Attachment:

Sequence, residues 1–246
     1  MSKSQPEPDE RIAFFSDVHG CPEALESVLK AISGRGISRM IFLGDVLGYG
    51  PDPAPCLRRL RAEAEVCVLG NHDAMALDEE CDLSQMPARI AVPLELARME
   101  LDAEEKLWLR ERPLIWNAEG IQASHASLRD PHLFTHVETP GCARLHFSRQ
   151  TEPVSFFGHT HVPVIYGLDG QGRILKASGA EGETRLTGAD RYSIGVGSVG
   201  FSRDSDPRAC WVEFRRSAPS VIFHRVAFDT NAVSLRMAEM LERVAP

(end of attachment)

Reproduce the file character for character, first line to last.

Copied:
Sequence, residues 1–246
     1  MSKSQPEPDE RIAFFSDVHG CPEALESVLK AISGRGISRM IFLGDVLGYG
    51  PDPAPCLRRL RAEAEVCVLG NHDAMALDEE CDLSQMPARI AVPLELARME
   101  LDAEEKLWLR ERPLIWNAEG IQASHASLRD PHLFTHVETP GCARLHFSRQ
   151  TEPVSFFGHT HVPVIYGLDG QGRILKASGA EGETRLTGAD RYSIGVGSVG
   201  FSRDSDPRAC WVEFRRSAPS VIFHRVAFDT NAVSLRMAEM LERVAP